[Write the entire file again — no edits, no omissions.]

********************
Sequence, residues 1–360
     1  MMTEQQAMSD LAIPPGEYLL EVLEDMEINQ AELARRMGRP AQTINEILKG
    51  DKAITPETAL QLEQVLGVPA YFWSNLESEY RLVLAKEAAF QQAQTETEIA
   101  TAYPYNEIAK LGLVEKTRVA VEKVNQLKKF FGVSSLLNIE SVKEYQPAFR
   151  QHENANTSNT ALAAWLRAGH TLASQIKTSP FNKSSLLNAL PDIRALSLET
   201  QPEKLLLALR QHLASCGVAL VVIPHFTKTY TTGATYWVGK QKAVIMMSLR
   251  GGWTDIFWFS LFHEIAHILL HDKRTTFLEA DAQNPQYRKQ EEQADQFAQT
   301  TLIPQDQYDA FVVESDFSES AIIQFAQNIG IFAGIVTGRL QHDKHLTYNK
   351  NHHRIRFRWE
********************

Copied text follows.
Sequence, residues 1–360
     1  MMTEQQAMSD LAIPPGEYLL EVLEDMEINQ AELARRMGRP AQTINEILKG
    51  DKAITPETAL QLEQVLGVPA YFWSNLESEY RLVLAKEAAF QQAQTETEIA
   101  TAYPYNEIAK LGLVEKTRVA VEKVNQLKKF FGVSSLLNIE SVKEYQPAFR
   151  QHENANTSNT ALAAWLRAGH TLASQIKTSP FNKSSLLNAL PDIRALSLET
   201  QPEKLLLALR QHLASCGVAL VVIPHFTKTY TTGATYWVGK QKAVIMMSLR
   251  GGWTDIFWFS LFHEIAHILL HDKRTTFLEA DAQNPQYRKQ EEQADQFAQT
   301  TLIPQDQYDA FVVESDFSES AIIQFAQNIG IFAGIVTGRL QHDKHLTYNK
   351  NHHRIRFRWE